Has your fur baby started urinating on her bed, despite being house-trained? If so, you’re probably wondering why she’s doing it and how to stop a female dog from peeing on her bed.
Here are four possible reasons why your female dog may be urinating on her bed – and what you can do about each one.
Your Dog is Stressed
Just like humans, dogs can get stressed out too, and when they do, they may exhibit some unusual behaviors, like peeing on their bed. Here’s a look at some of the possible causes of stress in dogs and what you can do to help your furry friend feel better.
Possible Causes of Stress in Dogs
There are a number of reasons why your dog might be feeling stressed. Perhaps there’s been a change in the family dynamic, such as a new baby or pet. Or maybe she’s not getting enough exercise.
It could even be something as simple as a change in her routine, such as a different walking schedule. Whatever the cause, it’s important to identify the source of your dog’s stress so that you can take steps to alleviate it and stop your female dog from peeing on her bed.
Here are some common signs to look for:
- Excessive barking or howling
- Pacing or shaking
- Eating less or not at all
- Hiding or cowering
- Peeing or pooping inside (even if she’s house-trained)
If you notice any of these behaviors in your dog, it’s likely that she’s feeling stressed about something. Once you’ve identified the source of her stress, you can begin taking steps to help her feel better.
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- One of the best ways to help your dog deal with stress is to provide her with plenty of exercise. For example, a good game of fetch or a long walk will help her burn off excess energy and relieve some of her stress.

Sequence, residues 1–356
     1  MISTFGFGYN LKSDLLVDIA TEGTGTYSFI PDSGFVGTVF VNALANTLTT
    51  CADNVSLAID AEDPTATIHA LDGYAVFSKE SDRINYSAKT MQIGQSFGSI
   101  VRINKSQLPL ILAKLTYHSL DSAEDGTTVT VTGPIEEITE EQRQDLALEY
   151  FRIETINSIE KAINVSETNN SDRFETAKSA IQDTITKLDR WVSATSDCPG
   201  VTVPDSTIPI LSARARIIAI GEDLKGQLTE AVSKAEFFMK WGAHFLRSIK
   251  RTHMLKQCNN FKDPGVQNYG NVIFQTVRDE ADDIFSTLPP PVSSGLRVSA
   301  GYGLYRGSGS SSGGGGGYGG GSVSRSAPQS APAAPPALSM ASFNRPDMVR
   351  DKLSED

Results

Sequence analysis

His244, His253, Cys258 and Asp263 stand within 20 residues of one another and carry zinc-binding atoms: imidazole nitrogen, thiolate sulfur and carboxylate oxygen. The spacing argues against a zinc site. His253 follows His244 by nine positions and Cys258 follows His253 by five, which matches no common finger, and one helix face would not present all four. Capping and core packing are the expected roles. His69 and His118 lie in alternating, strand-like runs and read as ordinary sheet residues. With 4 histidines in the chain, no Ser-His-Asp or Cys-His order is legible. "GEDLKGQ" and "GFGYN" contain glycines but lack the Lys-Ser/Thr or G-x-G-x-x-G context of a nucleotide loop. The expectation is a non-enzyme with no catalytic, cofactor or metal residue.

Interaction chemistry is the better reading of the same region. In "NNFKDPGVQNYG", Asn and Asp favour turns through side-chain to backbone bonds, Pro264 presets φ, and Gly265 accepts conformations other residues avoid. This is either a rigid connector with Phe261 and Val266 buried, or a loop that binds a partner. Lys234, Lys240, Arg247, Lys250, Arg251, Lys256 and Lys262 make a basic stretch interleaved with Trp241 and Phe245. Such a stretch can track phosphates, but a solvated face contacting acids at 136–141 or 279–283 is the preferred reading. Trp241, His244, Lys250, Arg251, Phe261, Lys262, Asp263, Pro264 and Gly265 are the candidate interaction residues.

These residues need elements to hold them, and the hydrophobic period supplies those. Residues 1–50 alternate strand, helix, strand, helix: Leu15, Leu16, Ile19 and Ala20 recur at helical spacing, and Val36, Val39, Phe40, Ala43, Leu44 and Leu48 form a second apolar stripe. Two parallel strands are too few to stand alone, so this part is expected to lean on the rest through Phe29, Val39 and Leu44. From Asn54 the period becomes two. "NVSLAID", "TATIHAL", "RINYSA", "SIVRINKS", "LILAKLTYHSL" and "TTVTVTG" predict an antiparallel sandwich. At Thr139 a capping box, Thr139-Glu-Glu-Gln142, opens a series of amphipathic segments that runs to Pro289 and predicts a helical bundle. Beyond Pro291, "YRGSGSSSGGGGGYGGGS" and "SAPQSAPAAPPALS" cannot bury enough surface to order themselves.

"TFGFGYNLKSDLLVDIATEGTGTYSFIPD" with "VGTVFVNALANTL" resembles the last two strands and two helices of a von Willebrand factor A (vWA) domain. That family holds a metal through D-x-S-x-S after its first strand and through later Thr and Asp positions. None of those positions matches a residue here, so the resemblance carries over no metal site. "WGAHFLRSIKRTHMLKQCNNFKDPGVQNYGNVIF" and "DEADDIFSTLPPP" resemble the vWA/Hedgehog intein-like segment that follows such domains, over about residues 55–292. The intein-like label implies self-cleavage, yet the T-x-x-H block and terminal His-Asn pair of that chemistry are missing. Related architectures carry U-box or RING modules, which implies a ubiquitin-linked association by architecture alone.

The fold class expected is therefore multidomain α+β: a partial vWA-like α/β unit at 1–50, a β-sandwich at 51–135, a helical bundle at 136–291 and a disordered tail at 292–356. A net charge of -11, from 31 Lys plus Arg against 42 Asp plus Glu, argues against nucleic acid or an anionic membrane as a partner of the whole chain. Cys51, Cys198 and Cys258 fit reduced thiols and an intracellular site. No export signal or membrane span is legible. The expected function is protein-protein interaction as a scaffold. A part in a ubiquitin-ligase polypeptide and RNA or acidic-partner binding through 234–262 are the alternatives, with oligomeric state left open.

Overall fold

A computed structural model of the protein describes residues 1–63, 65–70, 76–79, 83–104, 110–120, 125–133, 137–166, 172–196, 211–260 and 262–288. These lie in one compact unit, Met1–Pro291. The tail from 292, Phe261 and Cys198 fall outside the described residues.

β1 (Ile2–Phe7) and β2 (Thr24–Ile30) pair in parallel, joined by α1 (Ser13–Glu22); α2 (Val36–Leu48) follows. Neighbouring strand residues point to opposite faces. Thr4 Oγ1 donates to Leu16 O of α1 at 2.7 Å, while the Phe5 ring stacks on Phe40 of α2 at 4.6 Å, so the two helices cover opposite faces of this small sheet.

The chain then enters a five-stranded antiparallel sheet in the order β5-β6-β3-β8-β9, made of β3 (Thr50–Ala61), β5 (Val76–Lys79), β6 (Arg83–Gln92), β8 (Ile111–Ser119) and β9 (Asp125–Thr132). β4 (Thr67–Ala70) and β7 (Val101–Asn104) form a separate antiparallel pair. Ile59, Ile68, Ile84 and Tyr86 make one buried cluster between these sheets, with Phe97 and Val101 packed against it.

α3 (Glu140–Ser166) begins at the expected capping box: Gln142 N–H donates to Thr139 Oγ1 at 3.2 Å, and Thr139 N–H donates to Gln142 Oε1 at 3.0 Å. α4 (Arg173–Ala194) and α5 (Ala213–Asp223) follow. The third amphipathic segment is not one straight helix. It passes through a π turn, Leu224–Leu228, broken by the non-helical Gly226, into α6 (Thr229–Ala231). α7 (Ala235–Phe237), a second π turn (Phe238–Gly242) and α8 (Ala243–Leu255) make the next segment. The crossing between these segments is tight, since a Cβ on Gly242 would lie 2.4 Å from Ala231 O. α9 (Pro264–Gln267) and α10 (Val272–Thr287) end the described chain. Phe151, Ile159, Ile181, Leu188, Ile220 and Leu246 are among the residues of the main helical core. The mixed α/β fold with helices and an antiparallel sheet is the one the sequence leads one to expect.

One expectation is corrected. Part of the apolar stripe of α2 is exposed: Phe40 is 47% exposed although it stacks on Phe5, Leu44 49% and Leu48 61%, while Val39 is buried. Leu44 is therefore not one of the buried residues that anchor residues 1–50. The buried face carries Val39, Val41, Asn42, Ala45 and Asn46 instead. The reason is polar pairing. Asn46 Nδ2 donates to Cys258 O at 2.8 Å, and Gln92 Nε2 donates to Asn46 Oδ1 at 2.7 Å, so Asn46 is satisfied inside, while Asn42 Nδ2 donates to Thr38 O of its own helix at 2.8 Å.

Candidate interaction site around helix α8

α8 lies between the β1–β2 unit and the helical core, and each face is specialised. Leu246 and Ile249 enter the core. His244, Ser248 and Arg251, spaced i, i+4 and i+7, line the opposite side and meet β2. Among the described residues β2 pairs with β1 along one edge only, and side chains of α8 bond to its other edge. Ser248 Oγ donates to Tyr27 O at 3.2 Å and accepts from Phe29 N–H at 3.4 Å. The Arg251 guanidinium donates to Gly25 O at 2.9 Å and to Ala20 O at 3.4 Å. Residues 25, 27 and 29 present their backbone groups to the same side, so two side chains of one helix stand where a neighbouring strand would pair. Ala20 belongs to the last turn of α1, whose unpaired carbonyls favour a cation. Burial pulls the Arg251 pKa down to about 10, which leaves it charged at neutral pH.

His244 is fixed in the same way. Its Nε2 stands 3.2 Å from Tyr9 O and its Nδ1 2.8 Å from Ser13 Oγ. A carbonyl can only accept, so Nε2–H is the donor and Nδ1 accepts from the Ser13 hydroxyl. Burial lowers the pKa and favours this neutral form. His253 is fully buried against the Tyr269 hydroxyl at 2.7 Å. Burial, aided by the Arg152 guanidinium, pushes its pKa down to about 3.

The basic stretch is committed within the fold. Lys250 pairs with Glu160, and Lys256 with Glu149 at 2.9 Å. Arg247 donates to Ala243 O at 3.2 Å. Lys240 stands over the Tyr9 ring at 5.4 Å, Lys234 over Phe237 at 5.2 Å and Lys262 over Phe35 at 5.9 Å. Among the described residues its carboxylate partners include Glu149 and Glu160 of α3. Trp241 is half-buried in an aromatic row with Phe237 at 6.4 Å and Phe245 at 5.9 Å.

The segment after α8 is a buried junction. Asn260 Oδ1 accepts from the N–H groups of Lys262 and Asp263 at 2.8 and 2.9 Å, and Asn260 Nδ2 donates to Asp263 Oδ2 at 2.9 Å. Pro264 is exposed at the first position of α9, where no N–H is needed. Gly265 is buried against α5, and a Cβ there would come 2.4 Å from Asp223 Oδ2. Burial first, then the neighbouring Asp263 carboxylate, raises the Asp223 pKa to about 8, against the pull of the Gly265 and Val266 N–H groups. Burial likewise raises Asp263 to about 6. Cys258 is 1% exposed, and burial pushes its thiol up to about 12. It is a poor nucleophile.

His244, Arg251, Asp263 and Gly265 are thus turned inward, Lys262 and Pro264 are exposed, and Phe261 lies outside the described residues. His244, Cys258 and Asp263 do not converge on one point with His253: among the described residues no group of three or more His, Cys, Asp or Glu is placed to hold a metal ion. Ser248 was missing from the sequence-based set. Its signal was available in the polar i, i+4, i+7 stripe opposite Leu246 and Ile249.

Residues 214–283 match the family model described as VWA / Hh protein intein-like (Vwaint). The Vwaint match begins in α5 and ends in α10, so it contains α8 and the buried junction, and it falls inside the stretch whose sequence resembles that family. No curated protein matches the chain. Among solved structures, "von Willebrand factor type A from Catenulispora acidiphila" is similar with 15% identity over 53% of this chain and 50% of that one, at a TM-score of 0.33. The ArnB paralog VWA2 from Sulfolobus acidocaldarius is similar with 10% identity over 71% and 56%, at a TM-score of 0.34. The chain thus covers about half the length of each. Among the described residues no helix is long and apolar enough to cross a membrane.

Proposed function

- You should also make sure that she has a comfortable place to sleep and relax. For example, a fluffy bed in a quiet corner of the house will give her a sense of security and help her feel calmer.
- Finally, try to stick to a regular routine as much as possible. Dogs thrive on routine and predictability, so sticking to a set schedule will help reduce her stress levels.
By providing plenty of exercise, creating a comfortable space for her to relax, and sticking to a regular routine, you can help reduce your dog’s stress levels and get her back to sleeping in her own bed again without peeing on it.
Your Dog Has Incontinence
One of the most frustrating things that can happen to a dog owner is dealing with a dog who has incontinence. It’s an especially tricky problem to deal with in female dogs since there are a few additional factors that can come into play.
As dogs get older, they may start to experience incontinence due to weakened muscles and nerves in the bladder. If your dog has started urinating on her bed and is showing other signs of incontinence, such as leaking urine when she sleeps or squats, then age-related incontinence is likely the cause.
If your female dog is peeing on her bed, here are a few things to consider.
One of the first things to consider is whether your dog is suffering from incontinence or if there’s another issue at play. For example, if your dog is urinating in small amounts frequently or leaking urine when she sleeps or lies down, it’s likely that she has incontinence.
However, if she’s urinating large amounts all at once, it’s possible that she has a UTI (urinary tract infection) or other urinary issues. If you’re unsure, it’s always best to consult your veterinarian. One visit could be all you need to stop your female dog from peeing on her bed.